Cinematography in the Digital Age

Presented by the Academy’s Science and Technology Council

A scene from Inception, 2010. How to Train Your Dragon, 2010. A scene from Pan's Labyrinth, 2006.

Revolutionary developments in digital technology continue to impact every aspect of filmmaking. Cinematography in the Digital Age explored how current skills and techniques of cinematographers have evolved from traditional methodologies used when working with celluloid film.

Hosted by Academy governor Bill Kroyer, “Cinematography in the Digital Age” included film clips and discussion with cinematographers on the challenges and opportunities brought by changing technologies. A variety of motion picture formats and techniques were discussed, including animation, motion capture and visual effects.

Guests at the event included Cinematography Branch governor John Bailey (“Country Strong,” 2010); Oscar-winning cinematographers Guillermo Navarro (“Pan’s Labyrinth,” 2006) and Dean Semler (“Dances With Wolves,” 1990); Chris Sanders and Dean DeBlois, directors of the CG-animated film “How to Train Your Dragon” (2010), who discussed how cinematographer Roger Deakins helped create the look of the film; Science and Technology Council member Rob Hummel, who explained the film and digital image capture processes; and Digital Intermediate Colorist Adrian Seery. The program also included recorded remarks from this year’s Oscar winner for cinematography, Wally Pfister (“Inception,” 2010) (See video at right).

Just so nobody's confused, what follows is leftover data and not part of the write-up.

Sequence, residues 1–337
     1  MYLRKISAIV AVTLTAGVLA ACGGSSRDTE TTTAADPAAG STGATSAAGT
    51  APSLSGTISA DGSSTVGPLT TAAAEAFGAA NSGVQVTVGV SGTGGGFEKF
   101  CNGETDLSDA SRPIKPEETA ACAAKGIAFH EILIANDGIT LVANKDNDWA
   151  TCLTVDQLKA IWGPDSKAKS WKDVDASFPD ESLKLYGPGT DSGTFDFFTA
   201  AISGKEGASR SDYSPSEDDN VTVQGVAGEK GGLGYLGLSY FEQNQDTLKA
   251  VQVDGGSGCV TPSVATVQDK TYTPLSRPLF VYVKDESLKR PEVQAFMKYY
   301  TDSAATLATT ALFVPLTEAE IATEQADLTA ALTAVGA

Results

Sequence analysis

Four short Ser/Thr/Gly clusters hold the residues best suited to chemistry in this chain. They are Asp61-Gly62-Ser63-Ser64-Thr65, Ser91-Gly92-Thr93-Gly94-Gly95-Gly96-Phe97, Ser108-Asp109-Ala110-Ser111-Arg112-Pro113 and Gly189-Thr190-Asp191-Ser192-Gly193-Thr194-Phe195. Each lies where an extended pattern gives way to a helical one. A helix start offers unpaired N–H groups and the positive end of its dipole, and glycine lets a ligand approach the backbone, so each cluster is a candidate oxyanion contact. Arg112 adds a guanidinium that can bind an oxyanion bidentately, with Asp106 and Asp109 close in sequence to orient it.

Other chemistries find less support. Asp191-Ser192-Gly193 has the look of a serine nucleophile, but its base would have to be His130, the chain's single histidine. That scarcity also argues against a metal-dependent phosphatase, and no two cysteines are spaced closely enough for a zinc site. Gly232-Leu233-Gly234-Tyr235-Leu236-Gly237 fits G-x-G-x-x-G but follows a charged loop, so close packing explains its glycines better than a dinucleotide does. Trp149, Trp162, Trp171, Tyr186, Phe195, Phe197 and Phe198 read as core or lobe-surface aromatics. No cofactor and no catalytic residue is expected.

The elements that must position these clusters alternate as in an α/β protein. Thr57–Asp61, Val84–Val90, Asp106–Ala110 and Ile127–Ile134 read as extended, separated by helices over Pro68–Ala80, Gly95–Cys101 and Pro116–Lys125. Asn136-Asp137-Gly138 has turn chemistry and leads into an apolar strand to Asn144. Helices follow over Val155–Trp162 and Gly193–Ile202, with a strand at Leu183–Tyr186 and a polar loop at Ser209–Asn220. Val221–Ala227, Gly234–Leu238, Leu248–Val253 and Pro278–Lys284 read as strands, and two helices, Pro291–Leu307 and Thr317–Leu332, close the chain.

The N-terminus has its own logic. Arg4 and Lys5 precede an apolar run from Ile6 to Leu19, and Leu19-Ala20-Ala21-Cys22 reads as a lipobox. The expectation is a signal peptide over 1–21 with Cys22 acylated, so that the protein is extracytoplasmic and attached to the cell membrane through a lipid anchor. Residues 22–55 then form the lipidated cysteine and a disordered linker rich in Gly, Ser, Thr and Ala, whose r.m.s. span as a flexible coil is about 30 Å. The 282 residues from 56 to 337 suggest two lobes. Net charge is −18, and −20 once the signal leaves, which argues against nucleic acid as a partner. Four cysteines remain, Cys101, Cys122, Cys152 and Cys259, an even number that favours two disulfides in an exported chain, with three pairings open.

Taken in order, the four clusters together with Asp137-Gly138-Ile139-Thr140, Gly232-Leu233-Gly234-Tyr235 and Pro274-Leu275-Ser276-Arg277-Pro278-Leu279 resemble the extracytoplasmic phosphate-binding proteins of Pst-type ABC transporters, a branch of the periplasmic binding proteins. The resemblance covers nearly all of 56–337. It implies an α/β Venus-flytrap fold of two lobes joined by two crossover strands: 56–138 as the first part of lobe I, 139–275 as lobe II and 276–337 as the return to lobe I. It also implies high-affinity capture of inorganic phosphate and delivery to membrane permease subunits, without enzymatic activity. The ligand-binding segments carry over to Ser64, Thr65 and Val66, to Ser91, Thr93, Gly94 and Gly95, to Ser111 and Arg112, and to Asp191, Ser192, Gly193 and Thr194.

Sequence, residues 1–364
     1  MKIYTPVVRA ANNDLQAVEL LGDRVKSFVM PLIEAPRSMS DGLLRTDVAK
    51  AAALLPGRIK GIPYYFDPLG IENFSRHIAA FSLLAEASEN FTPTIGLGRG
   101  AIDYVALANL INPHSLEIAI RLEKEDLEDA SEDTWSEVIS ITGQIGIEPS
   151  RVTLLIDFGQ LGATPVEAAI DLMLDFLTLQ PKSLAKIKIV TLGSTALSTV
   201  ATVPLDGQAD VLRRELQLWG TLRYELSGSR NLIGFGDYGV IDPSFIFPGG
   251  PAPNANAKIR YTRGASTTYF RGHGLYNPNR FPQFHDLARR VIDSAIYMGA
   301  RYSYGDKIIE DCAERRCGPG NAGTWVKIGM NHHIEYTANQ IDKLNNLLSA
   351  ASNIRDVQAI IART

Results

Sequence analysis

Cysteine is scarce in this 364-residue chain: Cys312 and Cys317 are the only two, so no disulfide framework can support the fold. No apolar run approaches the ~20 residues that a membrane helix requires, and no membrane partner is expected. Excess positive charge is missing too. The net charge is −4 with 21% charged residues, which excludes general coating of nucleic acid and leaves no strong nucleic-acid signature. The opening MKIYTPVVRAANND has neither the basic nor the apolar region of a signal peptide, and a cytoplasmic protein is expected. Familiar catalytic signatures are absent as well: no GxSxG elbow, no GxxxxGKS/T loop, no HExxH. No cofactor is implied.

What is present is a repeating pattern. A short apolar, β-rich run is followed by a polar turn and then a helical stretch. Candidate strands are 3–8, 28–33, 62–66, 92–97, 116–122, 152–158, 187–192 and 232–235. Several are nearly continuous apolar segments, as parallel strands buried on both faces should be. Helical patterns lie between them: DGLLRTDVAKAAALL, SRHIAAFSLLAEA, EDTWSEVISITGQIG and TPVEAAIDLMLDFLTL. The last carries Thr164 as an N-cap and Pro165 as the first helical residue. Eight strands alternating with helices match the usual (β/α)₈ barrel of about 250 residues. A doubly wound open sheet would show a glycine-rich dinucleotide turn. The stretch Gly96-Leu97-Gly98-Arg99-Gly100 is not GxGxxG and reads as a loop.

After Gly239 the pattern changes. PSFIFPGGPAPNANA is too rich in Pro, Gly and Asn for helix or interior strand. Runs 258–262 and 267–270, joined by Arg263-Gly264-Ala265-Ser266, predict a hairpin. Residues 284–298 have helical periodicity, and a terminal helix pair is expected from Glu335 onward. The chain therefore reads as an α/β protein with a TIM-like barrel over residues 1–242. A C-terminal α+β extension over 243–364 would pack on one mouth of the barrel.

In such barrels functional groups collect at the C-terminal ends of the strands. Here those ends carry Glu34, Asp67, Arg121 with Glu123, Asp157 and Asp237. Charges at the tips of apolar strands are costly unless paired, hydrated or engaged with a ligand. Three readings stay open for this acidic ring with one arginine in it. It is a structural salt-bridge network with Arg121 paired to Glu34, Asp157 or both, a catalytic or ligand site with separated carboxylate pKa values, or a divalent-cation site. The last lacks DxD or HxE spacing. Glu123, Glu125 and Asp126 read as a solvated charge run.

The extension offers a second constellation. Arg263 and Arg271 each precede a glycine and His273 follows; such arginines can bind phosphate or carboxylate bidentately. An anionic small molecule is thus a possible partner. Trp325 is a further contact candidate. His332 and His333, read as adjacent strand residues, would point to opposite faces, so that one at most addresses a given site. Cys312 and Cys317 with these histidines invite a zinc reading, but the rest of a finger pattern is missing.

The host, Short Films and Feature Animation Branch governor Bill Kroyer, received an Academy Award nomination for his 1988 short film “Technological Threat,” which pioneered the technique of combining hand-drawn and computer animation. He directed the animated feature film “FernGully: The Last Rainforest” (1992), was senior animation director at Rhythm & Hues Studios in Los Angeles, and is Director of Digital Arts at the Dodge College of Film and Media Arts at Chapman University.

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Academy Award winner Wally Pfister discusses the future of cinematography and his work on "Inception."
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"The Cinematographer," a 1951 Academy short about traditional 35mm cinematography screened at the event. Watch video

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